Russia's Gazprom says gas flow to Europe will remain shut, sparking fears over massive shortages | The Sun

RUSSIA has vowed to keep natural gas supplies to Europe via the Nord Stream 1 pipeline shut off.

Industry leaders Gazprom announced the news in wake of G7 finance ministers agreeing to impose a price cap on the nation's oil exports.

The proposal by the UK, US, France, Germany, Italy, Japan and Canada was made in a bid to stop pumping money into crazed Vladimir Putin's war fund.

Gazprom revealed it would not reinstate supplies to Europe as the main gas turbine at Portovaya compressor station near St Petersburg needs repairs.

They said it could not operate safely until the leak was fixed, without mentioning when the crucial supply would return.

It was scheduled to reopen on Saturday after maintenance before the last minute U-turn just 24 hours before the deadline.

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Experts fear the move could spark mass shortages across the continent.

European nations have been scrambling to create a steady supply of gas ahead of the winter months as Russia makes the most of its upper hand.

The reliance on Russian gas has left the West in a precarious position while defiantly supporting Ukraine in the bloody conflict.

Around half of EU member states have already been impacted by the disruption to the key gas supply.

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They accused Moscow of using energy as a "weapon" and believe they are using the energy crisis as a cruel political move to sow uncertainty.

In 2020, 167.7 billion cubic metres of natural gas in Europe was imported from Russia, according to EU statistical office Eurostat.

The UK’s reliance on Russian gas is far less significant to its neighbours, sourcing an estimated three per cent.

Of the 167.7 billion cubic metres of natural gas Europe imported in 2020, Germany bought the most – 56.3 billion cubic metres.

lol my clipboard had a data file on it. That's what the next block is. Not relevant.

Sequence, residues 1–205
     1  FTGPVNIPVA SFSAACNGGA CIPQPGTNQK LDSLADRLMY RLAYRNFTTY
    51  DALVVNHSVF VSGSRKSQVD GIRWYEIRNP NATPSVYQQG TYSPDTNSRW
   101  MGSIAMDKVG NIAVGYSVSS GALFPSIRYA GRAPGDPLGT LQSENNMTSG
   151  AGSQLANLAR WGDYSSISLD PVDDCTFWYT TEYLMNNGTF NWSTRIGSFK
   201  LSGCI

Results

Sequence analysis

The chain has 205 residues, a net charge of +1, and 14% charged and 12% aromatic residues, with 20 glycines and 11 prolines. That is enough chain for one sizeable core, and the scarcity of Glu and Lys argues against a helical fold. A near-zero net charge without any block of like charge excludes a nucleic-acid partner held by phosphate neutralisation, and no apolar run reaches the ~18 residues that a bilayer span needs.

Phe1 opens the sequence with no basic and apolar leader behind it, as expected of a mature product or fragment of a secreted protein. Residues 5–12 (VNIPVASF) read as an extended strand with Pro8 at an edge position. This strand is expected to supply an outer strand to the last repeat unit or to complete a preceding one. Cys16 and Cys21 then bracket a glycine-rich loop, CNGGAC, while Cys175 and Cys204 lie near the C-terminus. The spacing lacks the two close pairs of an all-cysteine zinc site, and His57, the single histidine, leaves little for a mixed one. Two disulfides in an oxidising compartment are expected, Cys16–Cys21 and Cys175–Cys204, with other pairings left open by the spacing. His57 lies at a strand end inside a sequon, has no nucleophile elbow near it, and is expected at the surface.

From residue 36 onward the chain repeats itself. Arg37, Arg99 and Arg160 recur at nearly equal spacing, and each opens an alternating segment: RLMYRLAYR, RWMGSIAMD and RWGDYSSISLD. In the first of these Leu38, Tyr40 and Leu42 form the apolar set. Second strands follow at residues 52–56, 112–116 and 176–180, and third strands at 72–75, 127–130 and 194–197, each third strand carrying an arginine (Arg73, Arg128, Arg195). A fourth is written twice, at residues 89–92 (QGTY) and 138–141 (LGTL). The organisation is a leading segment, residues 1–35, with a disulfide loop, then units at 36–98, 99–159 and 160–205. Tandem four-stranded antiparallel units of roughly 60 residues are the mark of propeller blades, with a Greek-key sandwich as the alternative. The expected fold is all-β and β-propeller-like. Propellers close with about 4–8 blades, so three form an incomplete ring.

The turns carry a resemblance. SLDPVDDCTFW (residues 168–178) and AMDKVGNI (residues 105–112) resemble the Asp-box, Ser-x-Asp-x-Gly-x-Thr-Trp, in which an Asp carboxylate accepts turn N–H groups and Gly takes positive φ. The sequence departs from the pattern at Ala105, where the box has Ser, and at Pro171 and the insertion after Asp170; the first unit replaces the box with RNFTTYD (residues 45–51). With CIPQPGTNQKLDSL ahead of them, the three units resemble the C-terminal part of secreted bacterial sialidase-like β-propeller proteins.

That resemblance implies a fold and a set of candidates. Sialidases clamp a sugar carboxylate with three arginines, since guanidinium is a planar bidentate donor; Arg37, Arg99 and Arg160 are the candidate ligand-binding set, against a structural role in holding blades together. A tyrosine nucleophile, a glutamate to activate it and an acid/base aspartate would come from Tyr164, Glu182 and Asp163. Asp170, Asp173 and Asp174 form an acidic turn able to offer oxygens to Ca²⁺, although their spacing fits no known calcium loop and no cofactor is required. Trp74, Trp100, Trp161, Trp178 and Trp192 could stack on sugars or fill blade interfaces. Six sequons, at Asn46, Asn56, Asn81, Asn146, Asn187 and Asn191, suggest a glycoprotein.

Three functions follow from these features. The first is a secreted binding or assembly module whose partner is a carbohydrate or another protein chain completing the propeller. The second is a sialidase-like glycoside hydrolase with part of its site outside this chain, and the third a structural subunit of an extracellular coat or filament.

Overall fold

The country's Economy Minister Robert Habeck said this week they can no longer rely on Russia for gas at all.

The government was already bracing for further halts in flow for more maintenance, he said.

Germany – which is heavily reliant on Russia's gas supply – previously banned hot water and heating in Hanover after Moscow stopped sending its gas supplies.


The new price cap put forward by G7 finance ministers has not yet been determined.

In a statement, the seven nations said the cap was "specifically designed to reduce Russian revenues and Russia´s ability to fund its war of aggression whilst limiting the impact of Russia´s war on global energy prices".

Chancellor Nadhim Zahawi said of the news: "We will curtail Putin's capacity to fund his war from oil exports by banning services, such as insurance and the provision of finance, to vessels carrying Russian oil above an agreed price cap."

The Kremlin hit back on Friday, saying Russia would stop selling oil to countries that impose price caps on their energy resources.

Despite their deals being disrupted by invading Ukraine, Russia has made £600million more from oil sales in June compared to May.

Soaring prices – which continue to climb due to the war – have allowed the totalitarian state to make a hefty profit.

It comes after satellite pictures revealed Vladimir Putin is burning £8.4million of unused gas every day – while families face crippling energy bill hikes.

Massive orange flames are seen shooting into the sky at a natural gas plant after the Nord Stream 1 pipeline was shut.

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International gas prices rocketed after Russia invaded Ukraine, and spiked again after it shut off the undersea pipeline.

Households across Europe face potential blackouts and energy rationing, while the UK price cap almost doubled.

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